Soldiers National Orphanage
Photo by: http://www.midnightwatchm...
Location submitted by: sdonley on 12/15/2013
DBA Approved: Y
Formerly the Soldier's National Orphanage, the Museum is now home to a number of unique exhibits.
777 Baltimore Street
Gettysburg , PA 17325
Open to the public: No
Demographic Rank: 6
Vistor Rating: 5.0
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History information is some background and history about the location. This is meant to be a basic summary. Below the history records you will find sources in which you can click on to find out more information. There may be multiple history records per location.
Formerly the Soldier's National Orphanage, the Museum is now home to a number of unique exhibits. This is the natural landing spot for any aficionado looking to glean Civil War facts and browse relics of one our nation's most defining conflicts.
At the Soldiers National Museum discover such Civil War artifacts as a battered drum that rolled beneath the roar of many battles and a Yankee Rifle that can be "loaded on Sunday and fired all week!" We also feature artifacts and memorabilia from several other major American conflicts.
What was it like to be a Confederate soldier? Walk through a full-scale recreation of one of their campsites and see the men washing their clothes, cooking their dinner, playing cards, or just trying to relax in the face of oncoming battle.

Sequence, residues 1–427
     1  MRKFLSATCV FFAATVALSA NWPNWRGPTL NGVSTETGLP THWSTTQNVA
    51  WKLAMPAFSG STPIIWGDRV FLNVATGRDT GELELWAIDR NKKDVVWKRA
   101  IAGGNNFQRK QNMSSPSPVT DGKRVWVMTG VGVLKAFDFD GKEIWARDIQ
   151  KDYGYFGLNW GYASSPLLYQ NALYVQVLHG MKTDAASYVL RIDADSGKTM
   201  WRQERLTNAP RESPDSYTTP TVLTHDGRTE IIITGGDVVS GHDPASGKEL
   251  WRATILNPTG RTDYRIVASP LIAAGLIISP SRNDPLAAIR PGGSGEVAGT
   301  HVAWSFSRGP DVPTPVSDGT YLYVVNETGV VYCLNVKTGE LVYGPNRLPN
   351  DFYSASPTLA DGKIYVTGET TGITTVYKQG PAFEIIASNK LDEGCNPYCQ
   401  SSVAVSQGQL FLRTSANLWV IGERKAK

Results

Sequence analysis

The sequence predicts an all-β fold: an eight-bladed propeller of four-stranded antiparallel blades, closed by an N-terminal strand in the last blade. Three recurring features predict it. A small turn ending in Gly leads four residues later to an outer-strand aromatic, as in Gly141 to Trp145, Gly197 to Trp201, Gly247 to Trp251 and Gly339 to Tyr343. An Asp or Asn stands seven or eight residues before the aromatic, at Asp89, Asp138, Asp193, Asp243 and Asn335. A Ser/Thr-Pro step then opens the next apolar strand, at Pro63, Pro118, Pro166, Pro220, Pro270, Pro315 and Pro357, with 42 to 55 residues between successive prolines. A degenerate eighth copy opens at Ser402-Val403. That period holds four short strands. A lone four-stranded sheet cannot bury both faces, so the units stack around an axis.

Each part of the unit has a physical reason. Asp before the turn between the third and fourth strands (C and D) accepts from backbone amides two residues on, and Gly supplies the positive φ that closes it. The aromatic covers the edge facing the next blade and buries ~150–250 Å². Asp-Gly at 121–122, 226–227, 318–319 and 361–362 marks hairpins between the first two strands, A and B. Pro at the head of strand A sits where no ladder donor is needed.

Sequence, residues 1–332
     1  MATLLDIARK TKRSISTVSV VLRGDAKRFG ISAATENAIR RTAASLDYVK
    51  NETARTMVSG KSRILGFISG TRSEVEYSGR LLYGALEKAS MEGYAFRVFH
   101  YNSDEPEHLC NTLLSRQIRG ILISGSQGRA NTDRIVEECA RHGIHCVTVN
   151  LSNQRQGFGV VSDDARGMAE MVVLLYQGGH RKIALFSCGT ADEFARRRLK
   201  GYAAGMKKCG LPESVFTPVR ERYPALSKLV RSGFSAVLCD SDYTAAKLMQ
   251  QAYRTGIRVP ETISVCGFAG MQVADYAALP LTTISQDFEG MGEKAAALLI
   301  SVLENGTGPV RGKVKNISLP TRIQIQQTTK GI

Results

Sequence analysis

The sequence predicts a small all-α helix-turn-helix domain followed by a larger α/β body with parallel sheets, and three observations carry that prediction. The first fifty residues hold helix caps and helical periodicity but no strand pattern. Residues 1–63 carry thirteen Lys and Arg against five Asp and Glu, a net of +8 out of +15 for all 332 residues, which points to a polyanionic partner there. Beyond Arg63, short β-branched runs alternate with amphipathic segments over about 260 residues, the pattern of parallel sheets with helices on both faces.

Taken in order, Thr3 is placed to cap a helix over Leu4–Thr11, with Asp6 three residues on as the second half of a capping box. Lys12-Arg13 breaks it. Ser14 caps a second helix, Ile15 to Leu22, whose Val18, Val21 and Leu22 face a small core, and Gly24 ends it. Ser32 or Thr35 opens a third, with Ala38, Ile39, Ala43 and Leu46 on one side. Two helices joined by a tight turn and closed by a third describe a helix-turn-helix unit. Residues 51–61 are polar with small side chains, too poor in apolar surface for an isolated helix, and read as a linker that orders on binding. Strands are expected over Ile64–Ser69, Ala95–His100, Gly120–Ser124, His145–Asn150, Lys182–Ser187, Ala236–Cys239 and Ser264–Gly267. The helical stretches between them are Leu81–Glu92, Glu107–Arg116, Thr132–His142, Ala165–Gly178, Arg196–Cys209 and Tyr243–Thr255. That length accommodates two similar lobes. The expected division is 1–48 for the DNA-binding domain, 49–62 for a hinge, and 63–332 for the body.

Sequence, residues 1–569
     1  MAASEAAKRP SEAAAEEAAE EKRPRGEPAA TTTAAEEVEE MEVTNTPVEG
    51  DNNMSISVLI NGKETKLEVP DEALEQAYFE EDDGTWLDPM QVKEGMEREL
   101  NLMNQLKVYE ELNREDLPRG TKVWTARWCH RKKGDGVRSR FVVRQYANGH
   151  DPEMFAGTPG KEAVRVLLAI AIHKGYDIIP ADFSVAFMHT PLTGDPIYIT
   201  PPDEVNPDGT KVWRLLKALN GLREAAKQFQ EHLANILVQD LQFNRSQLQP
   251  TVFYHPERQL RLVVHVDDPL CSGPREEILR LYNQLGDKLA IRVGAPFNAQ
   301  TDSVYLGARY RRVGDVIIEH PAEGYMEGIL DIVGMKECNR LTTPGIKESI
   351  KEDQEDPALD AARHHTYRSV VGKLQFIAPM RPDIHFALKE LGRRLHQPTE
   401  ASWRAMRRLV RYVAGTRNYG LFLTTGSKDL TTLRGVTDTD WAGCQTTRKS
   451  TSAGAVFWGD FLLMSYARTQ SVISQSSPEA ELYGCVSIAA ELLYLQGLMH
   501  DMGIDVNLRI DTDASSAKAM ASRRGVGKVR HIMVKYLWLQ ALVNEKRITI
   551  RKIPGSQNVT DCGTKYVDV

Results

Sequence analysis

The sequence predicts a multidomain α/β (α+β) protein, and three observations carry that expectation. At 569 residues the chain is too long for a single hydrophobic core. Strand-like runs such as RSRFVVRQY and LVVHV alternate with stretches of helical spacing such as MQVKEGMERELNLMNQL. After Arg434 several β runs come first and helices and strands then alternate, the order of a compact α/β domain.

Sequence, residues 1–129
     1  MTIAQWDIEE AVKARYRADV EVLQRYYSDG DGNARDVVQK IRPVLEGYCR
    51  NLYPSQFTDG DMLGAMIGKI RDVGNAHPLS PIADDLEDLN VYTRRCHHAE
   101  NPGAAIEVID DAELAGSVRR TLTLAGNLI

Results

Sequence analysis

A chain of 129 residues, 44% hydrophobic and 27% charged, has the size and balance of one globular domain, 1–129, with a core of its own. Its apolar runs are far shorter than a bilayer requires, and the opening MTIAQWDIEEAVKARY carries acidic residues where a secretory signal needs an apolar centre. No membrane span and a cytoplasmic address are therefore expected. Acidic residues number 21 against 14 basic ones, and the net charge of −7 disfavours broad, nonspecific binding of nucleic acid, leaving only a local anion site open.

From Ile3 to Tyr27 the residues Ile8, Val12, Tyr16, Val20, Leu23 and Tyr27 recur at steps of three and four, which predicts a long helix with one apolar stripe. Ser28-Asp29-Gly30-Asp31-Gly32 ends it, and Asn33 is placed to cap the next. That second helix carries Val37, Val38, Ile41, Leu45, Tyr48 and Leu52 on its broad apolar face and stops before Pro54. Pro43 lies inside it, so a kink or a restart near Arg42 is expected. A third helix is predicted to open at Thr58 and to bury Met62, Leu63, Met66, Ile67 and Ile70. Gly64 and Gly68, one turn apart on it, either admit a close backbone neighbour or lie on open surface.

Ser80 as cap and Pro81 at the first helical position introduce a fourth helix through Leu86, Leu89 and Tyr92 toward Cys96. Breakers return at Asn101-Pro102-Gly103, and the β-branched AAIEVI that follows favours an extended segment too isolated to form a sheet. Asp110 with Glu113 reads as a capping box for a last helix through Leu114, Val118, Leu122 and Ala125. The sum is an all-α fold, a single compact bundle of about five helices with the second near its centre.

Experience the Civil War in miniature through a beautifully crafted, exquisitely detailed collection of dynamic dioramas that look ready to come to life at any minute.
Follow every battle, from the first shot fired on Fort Sumter to Appomattox and surrender. Your visit will be a thrilling experience and you'll leave with a greater appreciation and understanding of the Civil War era, as well as insights, facts, impressions and unforgettable memories.
Experience the building's history through a free exhibit telling about the circa 1863 Orphanage that this historic building once hosted.
Look into the past with an exhibit featuring the authentic wood carvings of Cliff Arquette, better known as Charlie Weaver.
Added by: sdonley on 02/01/2015
For weeks after the Battle of Gettysburg, the dead still lay in the town and its surrounding fields and hills. Northeast of the Square, near present-day Stratton Street, another slain soldier was found, shot through the lungs. His only means of identification was an ambrotype of three small children, his own, clutched tightly in his hand.
The soldier was identified through the photograph by his widow, Philinda Humiston of Portsville, New York. Sergeant Amos Humiston left three children: Fred, Frank, and Alice. The ambrotype had been published widely in newspapers, magazines, and periodicals.